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Media Advisory

For Immediate Release:Monday, May 30, 2013
Contact: CDC Media Relations, Office of Communication
(404) 639-3286

Anti-smoking ads increase odds of quitting in 14 countries

May 31 is World No Tobacco Day

Awareness of anti-smoking messages on television, radio, or billboards, or in newspapers or magazines, significantly increased the odds that current smokers intend to quit in 14 of 17 countries surveyed, according to a study released in this week’s Morbidity and Mortality Weekly Report (MMWR) published by the Centers for Disease Control and Prevention.  These findings from the Global Adult Tobacco Survey (GATS) support previous research showing antismoking campaigns encourage smokers to quit.  The study, “Anti-Smoking Messages and Intention to Quit—17 Countries, 2008–2011,” contain data from the following 17 countries: Bangladesh, Brazil, China, Egypt, India, Indonesia, Malaysia, Mexico, Philippines, Poland, Romania, Russia, Thailand, Turkey, Ukraine, Uruguay and Viet Nam. Today, after noon (EDT) the full study will available at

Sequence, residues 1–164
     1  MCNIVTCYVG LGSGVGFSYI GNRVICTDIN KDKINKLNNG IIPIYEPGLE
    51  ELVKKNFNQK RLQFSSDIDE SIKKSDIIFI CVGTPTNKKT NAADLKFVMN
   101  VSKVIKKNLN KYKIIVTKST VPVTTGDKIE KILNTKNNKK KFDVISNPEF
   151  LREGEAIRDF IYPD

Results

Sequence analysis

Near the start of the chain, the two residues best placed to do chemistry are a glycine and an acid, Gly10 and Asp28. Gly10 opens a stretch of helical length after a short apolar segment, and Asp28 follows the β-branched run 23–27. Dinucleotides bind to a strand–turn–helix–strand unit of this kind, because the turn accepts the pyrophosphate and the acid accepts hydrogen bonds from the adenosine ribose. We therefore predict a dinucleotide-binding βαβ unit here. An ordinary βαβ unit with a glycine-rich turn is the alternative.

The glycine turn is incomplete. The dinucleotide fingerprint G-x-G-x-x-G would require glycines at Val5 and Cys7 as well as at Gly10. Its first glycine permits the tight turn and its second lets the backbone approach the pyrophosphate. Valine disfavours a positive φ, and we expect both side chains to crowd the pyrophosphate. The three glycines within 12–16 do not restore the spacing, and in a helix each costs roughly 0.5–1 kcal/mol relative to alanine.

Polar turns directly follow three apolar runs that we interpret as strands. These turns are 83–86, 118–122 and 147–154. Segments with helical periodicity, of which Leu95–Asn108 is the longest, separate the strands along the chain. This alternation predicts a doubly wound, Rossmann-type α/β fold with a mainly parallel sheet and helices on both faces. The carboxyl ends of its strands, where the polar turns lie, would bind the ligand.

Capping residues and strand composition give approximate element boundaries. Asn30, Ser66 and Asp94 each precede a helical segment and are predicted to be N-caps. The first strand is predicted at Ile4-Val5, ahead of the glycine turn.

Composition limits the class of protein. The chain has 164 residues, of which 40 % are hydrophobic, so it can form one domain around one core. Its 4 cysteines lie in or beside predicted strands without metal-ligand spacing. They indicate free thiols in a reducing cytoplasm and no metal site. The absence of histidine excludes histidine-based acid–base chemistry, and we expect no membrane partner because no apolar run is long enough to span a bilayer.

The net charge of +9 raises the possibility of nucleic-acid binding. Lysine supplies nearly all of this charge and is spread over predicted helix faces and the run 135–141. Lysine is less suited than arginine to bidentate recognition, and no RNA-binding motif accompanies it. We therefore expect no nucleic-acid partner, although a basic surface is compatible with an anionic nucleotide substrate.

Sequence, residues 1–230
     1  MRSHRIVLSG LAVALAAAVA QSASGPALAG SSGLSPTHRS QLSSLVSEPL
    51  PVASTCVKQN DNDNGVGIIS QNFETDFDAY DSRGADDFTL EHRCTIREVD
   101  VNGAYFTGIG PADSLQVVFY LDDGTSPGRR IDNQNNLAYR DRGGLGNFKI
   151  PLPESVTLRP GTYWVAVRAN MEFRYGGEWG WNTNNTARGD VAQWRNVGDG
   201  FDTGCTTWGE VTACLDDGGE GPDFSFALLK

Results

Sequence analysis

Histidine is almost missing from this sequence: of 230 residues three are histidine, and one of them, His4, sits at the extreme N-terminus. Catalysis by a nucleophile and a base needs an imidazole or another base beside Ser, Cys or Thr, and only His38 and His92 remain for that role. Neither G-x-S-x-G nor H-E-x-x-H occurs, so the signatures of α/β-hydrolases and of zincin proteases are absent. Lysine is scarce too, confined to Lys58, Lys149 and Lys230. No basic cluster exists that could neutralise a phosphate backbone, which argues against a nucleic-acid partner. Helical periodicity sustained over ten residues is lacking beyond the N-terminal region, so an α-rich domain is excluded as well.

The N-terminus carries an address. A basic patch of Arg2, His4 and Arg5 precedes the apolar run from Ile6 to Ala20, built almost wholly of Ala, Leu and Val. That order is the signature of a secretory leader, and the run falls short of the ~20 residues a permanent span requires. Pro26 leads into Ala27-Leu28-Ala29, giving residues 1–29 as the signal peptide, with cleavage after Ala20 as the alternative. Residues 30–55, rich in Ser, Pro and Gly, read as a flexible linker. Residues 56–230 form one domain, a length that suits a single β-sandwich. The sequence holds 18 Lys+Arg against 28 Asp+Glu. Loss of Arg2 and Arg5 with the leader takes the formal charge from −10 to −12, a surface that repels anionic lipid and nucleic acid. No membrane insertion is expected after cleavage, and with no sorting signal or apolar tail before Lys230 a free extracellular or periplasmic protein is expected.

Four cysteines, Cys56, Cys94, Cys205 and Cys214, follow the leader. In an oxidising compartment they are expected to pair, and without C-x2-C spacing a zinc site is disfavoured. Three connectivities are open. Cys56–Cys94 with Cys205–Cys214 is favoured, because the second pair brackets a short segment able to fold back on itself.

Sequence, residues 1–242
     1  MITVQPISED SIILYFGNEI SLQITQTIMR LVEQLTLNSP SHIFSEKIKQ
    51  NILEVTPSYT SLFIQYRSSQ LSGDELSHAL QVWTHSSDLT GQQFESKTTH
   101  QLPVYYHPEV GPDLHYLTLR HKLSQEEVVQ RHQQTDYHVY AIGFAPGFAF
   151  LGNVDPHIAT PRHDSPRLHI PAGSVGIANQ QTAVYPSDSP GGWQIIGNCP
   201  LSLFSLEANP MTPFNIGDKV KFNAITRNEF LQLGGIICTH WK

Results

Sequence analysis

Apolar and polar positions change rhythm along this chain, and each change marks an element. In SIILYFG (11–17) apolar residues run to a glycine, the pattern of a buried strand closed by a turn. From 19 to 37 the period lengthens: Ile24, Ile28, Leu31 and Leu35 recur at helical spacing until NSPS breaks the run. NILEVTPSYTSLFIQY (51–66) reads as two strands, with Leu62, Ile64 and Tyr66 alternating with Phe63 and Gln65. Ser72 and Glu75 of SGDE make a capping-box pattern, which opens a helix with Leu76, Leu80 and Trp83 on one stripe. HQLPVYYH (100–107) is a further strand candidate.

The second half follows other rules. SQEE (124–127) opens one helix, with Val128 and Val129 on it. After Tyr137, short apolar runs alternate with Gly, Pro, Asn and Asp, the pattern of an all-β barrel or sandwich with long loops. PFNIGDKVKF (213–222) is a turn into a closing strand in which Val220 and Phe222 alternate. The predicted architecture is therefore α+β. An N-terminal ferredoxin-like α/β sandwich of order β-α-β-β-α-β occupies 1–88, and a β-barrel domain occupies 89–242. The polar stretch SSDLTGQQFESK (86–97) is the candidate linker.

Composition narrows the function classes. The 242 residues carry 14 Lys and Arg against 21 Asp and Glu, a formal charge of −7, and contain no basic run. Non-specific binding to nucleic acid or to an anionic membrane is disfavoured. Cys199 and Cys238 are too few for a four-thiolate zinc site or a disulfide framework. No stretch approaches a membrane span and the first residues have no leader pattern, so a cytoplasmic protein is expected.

May 31 is World No Tobacco Day, an annual awareness day sponsored by the World Health Organization (WHO) to draw worldwide attention to the tobacco epidemic and the preventable deaths and diseases it causes. This year's theme focuses on global tobacco advertising, promotion, and sponsorship.
In concert with other proven tobacco control strategies, efforts like CDC’s Tips from Former Smokers, tobacco education ad campaign are needed to counter the nearly $1 million an hour spent on marketing cigarettes in the United States. The Tips campaign is responsible for sharp increases in calls to 1-800-QUIT-NOW, a toll-free quitline number, and visits to in 2012 and 2013.  Both resources offer smokers free help quitting.

In January 2014, the 50th anniversary of the first U.S. report linking smoking and lung cancer, the Surgeon General will release a new report on smoking and health, reviewing our progress, releasing new findings on health effects of smoking, and outlining how we can end the continuing epidemic of tobacco-related deaths and diseases.


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